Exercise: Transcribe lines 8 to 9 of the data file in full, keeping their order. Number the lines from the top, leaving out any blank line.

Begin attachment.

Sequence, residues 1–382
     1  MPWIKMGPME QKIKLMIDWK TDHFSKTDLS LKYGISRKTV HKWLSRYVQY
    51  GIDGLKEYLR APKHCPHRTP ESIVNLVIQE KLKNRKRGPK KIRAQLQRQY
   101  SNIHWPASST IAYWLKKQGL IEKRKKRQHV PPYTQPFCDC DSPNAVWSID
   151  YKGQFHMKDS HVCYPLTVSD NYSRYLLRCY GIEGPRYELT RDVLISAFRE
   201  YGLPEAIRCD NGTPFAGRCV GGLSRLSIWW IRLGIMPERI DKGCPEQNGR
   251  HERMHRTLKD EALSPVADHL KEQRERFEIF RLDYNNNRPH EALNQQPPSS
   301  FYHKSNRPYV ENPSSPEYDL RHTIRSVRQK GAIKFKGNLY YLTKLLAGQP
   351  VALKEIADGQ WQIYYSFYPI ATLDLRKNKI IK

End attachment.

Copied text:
   301  FYHKSNRPYV ENPSSPEYDL RHTIRSVRQK GAIKFKGNLY YLTKLLAGQP
   351  VALKEIADGQ WQIYYSFYPI ATLDLRKNKI IK